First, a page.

It seems that The Cutting Edge has turned into a modest classic in the meantime; it’s one of those CDs that seems to stay in print, albeit at a budget price. But I hadn’t realised until recently, when I saw it on BBC4’s ‘lost’ film of Rollins at Ronnie Scott’s Club in 1974, that there was also footage of Rollins and Harley playing Swing Low Sweet Chariot. (And, of course, there’s a version to be found on YouTube, seen at the top of this post).

Everyone knows about Sonny Rollins; he is a colossus of the saxophone, after all. But I had to look up Rufus Harley, who appears in the Ronnie Scott’s film resplendent in a yellow tartan. He was of African and Cherokee descent, brought up in Philadelphia, and learnt trumpet and saxophone as a teenager. He became interested in the bagpipes after seeing the Scots regiment Black Watch playing them at John Kennedy’s funeral (Harley was 27 at the time), and had to travel to New York to find a second hand set, there being none in Philly. He was the first person to adapt the instrument to the rhythms of jazz.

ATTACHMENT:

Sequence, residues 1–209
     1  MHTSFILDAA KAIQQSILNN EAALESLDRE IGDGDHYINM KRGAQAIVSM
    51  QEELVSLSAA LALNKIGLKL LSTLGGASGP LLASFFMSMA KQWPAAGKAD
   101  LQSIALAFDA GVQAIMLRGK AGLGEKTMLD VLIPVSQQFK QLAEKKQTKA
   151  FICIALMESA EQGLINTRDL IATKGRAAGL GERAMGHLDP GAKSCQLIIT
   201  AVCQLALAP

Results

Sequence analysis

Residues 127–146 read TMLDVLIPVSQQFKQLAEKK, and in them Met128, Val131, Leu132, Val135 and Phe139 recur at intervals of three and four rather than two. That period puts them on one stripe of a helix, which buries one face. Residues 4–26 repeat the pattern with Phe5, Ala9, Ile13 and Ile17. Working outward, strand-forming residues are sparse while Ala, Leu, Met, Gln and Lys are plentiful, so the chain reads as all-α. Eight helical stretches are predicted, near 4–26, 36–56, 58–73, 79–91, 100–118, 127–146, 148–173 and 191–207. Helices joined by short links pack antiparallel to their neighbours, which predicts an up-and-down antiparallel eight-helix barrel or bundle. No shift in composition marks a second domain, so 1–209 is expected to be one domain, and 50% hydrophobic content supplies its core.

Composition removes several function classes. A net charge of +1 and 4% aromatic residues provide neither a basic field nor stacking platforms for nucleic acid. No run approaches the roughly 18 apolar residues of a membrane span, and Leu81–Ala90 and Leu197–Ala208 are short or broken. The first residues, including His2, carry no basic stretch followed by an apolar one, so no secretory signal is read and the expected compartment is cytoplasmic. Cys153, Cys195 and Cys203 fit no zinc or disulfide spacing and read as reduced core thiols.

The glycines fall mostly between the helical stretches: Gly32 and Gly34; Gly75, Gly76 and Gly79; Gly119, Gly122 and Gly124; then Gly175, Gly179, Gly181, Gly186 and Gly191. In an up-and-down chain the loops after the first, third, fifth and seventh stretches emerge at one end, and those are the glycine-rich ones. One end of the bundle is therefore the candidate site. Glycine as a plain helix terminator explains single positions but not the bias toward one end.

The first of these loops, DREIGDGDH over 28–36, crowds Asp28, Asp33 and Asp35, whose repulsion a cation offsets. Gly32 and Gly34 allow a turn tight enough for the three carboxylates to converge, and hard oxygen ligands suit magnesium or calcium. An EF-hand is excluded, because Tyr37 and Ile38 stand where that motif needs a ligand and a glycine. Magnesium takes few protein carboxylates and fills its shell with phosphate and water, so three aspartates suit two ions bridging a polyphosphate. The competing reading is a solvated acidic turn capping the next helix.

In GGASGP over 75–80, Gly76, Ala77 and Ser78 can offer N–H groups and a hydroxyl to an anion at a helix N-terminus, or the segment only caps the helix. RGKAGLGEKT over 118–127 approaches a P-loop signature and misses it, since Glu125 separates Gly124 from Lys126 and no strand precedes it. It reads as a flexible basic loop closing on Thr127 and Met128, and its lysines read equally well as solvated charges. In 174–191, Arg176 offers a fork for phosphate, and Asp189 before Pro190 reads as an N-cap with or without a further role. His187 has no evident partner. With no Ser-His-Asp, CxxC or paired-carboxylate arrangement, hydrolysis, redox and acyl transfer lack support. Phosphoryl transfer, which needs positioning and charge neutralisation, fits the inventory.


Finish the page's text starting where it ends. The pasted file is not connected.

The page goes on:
The yellow kilt in the film – a MacLeod tartan – was given to him by a Scots family after they had seen him play on television (every bagpiper needs a tartan, right?). But he played cultural games the other way around. Bagpipes are hugely noisy, and as one profile explains:

“I started playing the pipes, and the neighbor would call the cops on me,” Harley recalled. “So I see the cops coming, and I stop blowing the pipes.

“The cops would come to the door and say, ‘I’m sorry, but we have a complaint that there’s bagpipes being played here.’

“Then I tell the cops, ‘Do I look like I’m Irish or Scottish to you?’

“I got away with it for a long time.”

One of jazz’s originals.

I.M. Philip Madoc

7 March 2012

A few years ago I saw the Welsh actor Philip Madoc, who has died this week, performing Under Milk Wood with Stan Tracey’s quartet at the Brecon Jazz Festival. Tracey’s composition – now more than 40 years old – is one of the outstanding moments of British jazz; Tracey seems to be tuned in to both the tone and story of Dylan Thomas’ play. The performance at Brecon was simple enough: Madoc read some extracts from the play in between (sometimes during) the music, bringing both alive with his sonorous Welsh voice and underlining the connections between play and music. I thought the record of the performance had been deleted, but it seems I was wrong. It is an interesting version of Tracey’s Under Milk Wood Suite and a fitting memorial to Philip Madoc.

The sleeve of the recording of the collaboration between Stan Tracey and Philip Madoc is from Trio Records, and is used with thanks.

I M Harry Beckett, 1935-2010

24 July 2010